Tag Archives: Nigel Quinlan

Some Mini-Reviews!

I’ve read so many excellent books lately. So many! It feels like you can’t blink, these days, without ten world-class novels being published. Every time I set foot inside a bookshop I come out with a lighter wallet, and I couldn’t be happier about it. So, today I want to take the time to write some mini-reviews of a selection of books I’ve loved lately, and tell you all where to get your hands on ’em. Because, take it from me, they’re worth it.

Great New Books

Great New Books!

So. From the top:

Frida Nilsson’s The Ice Sea Pirates

Siri and her little sister, Miki, live with their ageing, infirm father in the Arctic, where they spend their lives in fear of the notorious pirate captain Whitehead. One day, when Siri lets her guard down, Miki is stolen by Whitehead, destined to be put to work in his distant mines. So, like any good sister, Siri sets out to rescue her. This is an epic book, long and full of digressions and luxurious detail; at the same time, its adventure is full of heart and is profoundly moving.

Nigel Quinlan’s The Cloak of Feathers

Nigel Quinlan’s books are a riot. They’re filled with life and vigour and wit, folklore and history and humour, and they’re completely unique. The Cloak of Feathers is set in the town of Knockmealldown, which – every hundred years – sees the Good Folk (never call them fairies!) join in for a spectacular Festival, organised by the townsfolk. Except, this time it’s being (dis)organised by Brian and his friends, who manage to muck the whole thing up. As well as that, the fairy princess has gone missing – but Brian holds the key to finding her. Can he get all his pigs in the pen before the town is wiped off the map?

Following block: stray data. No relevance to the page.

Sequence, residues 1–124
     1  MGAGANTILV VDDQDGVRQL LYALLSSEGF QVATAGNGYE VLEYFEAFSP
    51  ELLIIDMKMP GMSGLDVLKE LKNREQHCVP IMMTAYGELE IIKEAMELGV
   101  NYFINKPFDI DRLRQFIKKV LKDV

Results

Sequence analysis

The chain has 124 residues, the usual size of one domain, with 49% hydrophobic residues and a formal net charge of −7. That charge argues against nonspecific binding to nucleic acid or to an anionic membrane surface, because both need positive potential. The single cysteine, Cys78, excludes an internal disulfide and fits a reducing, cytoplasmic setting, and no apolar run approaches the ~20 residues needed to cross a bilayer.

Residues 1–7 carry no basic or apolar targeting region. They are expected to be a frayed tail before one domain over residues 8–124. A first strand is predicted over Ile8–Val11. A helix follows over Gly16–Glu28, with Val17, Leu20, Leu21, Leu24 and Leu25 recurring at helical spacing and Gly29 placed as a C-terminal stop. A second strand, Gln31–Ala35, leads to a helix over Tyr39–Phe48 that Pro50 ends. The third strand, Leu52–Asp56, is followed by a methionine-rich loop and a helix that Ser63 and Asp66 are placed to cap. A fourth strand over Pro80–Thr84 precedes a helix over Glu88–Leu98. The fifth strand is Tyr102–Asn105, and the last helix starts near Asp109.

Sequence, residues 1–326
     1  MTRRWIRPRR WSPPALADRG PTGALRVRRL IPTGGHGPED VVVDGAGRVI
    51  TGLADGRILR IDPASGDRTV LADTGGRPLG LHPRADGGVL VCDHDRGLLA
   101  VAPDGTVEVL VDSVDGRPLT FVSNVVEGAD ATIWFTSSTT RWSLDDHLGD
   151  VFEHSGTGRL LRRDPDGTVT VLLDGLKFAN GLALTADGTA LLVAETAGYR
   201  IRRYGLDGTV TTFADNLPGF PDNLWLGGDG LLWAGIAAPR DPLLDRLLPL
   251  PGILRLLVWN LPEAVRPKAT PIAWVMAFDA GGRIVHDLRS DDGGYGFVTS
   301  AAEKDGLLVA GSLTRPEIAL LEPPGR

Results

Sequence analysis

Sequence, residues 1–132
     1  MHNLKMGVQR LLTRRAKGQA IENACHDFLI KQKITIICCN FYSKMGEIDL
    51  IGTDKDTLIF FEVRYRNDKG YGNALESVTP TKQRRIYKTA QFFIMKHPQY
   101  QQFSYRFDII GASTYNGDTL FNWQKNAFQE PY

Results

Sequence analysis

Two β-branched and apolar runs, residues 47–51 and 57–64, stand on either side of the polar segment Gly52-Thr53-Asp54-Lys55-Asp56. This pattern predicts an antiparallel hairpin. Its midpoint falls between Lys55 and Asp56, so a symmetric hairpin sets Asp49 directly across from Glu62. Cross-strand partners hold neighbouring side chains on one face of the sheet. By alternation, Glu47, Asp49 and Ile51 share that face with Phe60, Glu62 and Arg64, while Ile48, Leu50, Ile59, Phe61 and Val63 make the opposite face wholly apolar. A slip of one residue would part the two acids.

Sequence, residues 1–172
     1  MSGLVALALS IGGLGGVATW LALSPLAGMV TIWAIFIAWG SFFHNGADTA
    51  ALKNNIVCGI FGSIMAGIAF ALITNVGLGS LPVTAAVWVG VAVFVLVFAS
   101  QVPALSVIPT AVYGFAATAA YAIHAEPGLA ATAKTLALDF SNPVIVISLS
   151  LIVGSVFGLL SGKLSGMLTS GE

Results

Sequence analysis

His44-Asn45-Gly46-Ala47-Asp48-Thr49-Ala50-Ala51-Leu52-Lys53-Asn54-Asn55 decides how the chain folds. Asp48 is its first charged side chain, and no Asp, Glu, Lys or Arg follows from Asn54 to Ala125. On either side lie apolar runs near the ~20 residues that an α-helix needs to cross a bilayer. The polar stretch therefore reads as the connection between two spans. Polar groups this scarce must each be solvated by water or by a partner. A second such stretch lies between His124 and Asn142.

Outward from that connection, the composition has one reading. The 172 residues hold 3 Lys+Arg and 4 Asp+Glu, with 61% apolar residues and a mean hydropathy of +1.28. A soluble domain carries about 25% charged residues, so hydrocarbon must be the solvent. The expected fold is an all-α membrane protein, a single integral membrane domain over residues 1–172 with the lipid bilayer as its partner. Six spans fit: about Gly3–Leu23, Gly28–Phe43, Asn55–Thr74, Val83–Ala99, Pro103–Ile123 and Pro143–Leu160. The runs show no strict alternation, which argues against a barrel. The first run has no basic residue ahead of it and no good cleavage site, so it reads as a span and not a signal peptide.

James E. Nicol’s The Apprentice Witch and A Witch Alone

So, this one is a bit of a cheat: I read The Apprentice Witch when it was newly published, but its sequel, A Witch Alone, has just been published, and I read it with as much enjoyment as its predecessor. They tell the story of Arianwyn Gribble (has there ever been a heroine with a better name?), a newly-qualified witch (and granddaughter of a respected Elder in the magical community), and her struggles to find and prove herself in her new life. She has to deal with magical creatures, dark magic, cursed hexes, and a budding first love – not to mention her own remarkable powers. Charming, lovely and heartwarming, these are books not to miss.

Vashti Hardy’s Brightstorm: A Sky-Ship Adventure

I want to preface this mini-review by saying EVERYBODY NEEDS TO READ BRIGHTSTORM AND AS SOON AS POSSIBLE! *ahem* Now that’s out of the way – everybody needs to read Brightstorm, and as soon as possible. It’s a marvel: beautifully written, evocatively imagined, with a cast of brilliant characters (child, adult and animal alike) and a compelling quest at its heart. Arthur and Maudie Brightstorm are twins whose father, a noted explorer, has gone missing. Not only that, but he has been accused, in absentia, of having broken the Explorers’ Code, something his children know cannot be true. They are set on rehabilitating their family’s sullied reputation, and they also want to find out the truth about what happened to him. Expect sky-ships, expeditions through the great Wide, clues to a great mystery, and majestic thought-wolves – along with a truly boo-hissable villain in the shape of Eudora Vane. I adored every word of this book.

Juliette Forrest’s Twister